hints of Christian privilege in Roanoke

I have serious misgivings over private schools, which strike me as exemplarily libertarian and intrinsically disposed toward widening the opportunity gap. Furthermore, i have dire concerns over the proliferation of religious schools, which introduce the added effect of confounding wealth, privilege, and influence with Christianity, pseudoscience, and authoritarianism. Let me, at the outset, set aside these concerns and affirm that no structural restrictions should be in place against the founding of private Christian schools, and that the burden of averting their spread rests with the adequate funding and management of public educational institutions, hence ultimately with us.

I therefore wish to raise no objection to Charnika Elliott’s newly opened Noah–Christian Academy. The Valleys are ripe with well-(enough)-to-do isolationist Christian parents that should keep the academy funded for several years (although — as Christopher Hitchens and Daniel Dennett have argued, albeit orthogonally to one another — one of the best catalysts against organized religion may be institutionalized religious education).

What everyone should object to is what passed for a hearty endorsement of Elliott’s character and devotion (to her students, presumably, as well as to her god) at the outset of the article:

When she was a third-grade teacher at Roanoke’s Forest Park Elementary School, Charnika Elliott would play gospel music softly in her classroom. She’d pull aside students who shared her religious faith and quietly pray when no one else was around.

(Note for the record that Forest Park Academy is a program of Roanoke City Public Schools.) An array of infringements upon personal liberty are compactified into this portrait. To identify some, consider the following flowchart for an arbitrary student’s reaction:

Granted, this comes not from my familiarity with RCPS but from my own brittle memories of high school and beyond. I also don’t mean to suggest that RCPS is rampant with such incidents (and friends suggest that it is not). Still, the situation is illustrative of Christian privilege, particularly by its tone. What would happen if a Muslim teacher decided to pull students aside during the class to perform salah (which, depending on the time of day, she might consider compulsory)? How would students react? I have a guess:

Such a teacher might better be reprimanded or required to attend some sort of diversity workshop . . . but would anyone be surprised at her being terminated outright? Back to the article, consider this introduction:

When she was a third-grade teacher at Roanoke’s Forest Park Elementary School, Charnika Elbaz would play anasheed softly in her classroom. She’d pull aside students who shared her Muslim faith and quietly perform salah when no one else was around.

Is it even conceivable that such a paragraph would lead into such a delightful, supportive story in the RT as the one above?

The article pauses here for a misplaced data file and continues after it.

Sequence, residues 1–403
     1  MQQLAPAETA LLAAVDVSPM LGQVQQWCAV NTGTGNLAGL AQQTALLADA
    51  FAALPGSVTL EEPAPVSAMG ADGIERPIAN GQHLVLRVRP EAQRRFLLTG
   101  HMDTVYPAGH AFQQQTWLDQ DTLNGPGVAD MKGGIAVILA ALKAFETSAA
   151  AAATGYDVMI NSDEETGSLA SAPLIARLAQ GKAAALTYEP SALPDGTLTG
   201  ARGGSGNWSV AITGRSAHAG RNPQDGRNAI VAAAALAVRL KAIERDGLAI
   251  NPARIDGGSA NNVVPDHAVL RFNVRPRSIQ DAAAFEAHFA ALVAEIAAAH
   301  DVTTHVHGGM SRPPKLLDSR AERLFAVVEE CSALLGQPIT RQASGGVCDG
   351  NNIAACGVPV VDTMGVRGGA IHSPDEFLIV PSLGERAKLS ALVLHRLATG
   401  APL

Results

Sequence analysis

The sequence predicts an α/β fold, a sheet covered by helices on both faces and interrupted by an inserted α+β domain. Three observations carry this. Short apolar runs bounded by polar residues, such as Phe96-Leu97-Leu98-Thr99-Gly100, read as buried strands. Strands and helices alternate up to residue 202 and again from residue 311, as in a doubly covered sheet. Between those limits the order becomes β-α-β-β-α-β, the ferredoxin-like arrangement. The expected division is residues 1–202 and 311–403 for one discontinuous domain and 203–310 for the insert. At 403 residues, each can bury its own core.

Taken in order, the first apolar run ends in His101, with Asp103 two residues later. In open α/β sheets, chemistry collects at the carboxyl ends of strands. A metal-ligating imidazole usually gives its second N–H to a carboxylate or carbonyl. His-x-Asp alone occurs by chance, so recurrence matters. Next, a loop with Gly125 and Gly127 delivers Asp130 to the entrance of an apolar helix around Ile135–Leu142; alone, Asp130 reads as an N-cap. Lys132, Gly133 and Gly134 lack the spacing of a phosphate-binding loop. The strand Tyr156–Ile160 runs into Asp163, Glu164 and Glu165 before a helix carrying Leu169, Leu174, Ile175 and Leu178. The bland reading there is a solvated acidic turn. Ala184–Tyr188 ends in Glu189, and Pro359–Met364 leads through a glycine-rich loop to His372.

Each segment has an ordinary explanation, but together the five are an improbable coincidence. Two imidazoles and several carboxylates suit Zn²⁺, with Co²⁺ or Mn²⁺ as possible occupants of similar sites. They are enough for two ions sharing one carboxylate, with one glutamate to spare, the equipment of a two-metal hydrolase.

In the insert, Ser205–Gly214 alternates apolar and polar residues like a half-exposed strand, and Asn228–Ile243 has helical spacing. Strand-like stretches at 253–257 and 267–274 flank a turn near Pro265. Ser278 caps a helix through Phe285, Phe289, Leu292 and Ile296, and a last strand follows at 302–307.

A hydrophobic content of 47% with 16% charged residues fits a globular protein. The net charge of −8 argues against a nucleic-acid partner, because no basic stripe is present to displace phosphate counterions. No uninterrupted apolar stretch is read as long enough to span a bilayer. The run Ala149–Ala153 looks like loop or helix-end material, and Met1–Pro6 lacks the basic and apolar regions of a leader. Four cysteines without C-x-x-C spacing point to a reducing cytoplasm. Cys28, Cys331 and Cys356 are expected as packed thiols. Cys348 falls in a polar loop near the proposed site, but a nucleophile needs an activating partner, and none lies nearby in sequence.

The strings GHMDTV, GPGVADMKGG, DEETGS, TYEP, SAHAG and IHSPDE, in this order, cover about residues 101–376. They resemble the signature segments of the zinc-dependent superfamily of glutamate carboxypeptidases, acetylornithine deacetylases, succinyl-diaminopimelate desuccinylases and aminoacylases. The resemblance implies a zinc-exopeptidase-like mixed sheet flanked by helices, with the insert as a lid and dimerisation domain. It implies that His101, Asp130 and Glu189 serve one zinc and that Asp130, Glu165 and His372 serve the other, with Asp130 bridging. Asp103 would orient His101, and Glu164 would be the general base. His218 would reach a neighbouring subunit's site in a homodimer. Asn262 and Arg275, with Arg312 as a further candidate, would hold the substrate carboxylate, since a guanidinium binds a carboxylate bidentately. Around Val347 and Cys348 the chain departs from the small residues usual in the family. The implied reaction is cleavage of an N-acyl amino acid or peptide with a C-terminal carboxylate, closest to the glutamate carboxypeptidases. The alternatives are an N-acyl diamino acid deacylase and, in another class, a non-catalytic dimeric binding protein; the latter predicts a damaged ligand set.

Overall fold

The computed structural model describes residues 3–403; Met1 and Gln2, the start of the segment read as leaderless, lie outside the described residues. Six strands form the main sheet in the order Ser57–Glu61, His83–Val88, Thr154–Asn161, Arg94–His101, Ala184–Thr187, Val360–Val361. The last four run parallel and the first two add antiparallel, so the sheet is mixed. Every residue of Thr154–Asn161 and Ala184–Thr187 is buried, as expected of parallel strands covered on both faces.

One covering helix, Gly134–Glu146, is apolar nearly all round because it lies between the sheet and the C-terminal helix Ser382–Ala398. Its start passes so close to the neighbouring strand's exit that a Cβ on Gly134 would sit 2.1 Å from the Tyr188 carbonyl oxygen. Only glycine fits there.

Elliott appears to be an enthusiastic, engaging teacher whose students come to school rapt with anticipation. I’ll gladly grant her this, and i hope that it’s true. I hope teachers with her evident joy and dedication are as common now as they seemed to me in elementary school.

She also appears to have considered the experiences of any non-Christians in her class, presumably keeping her music soft and taking her prayer group aside as gestures of respect. (For all i know there were never any other students in the room; i’ve contacted the author for some clarification but have not yet received a response.) But i don’t see that this absolves her of misconduct, because it does not address the problem that her prayer group created: She divided her class into (a) a favored group of like-minded worshippers and (b) outsiders. However it’s done, no one benefits from a segregated classroom. (How long will we have to keep learning that?)

I get that privilege is a difficult concept. I don’t always catch it (and neither do many headstrong residents of Roanoke and Salem). I don’t think we should be expected to develop a strong sense of privilege without the institutions in place to help us hone our senses.

Fortunately, there is a simple solution to this predicament: Don’t pray during school hours. In fact, don’t pray in the school building. In fact, if you really care about your students’ emotional well-being and social maturity, don’t pray with them ever — unless you happen to find yourself at the same church (or mosque or temple or shrine or pastaria). And here’s why: You are not your students’ friend, or classmate, or cousin, or neighbor. Not first. First, you are their teacher. You are an authority figure. Your students emulate you, and they rely on you to prepare them for life in the pluralistic, cosmopolitan society that is ever-more-rapidly imposing itself upon them. And you will shape their understanding of communication, influence, compromise, and everything social. We don’t need to terminate every Christian — or Muslim, or nonreligious — teacher who abuses her authority, provided we clearly address the abuse and curb it in the future.

Personally, i aspire to witness a generation of schoolchildren who can hone in on the important part.

I won’t be praying for them. If they can do this then they’re already faring better than most of us.

A version of this post originally appeared on Cory’s personal blog.

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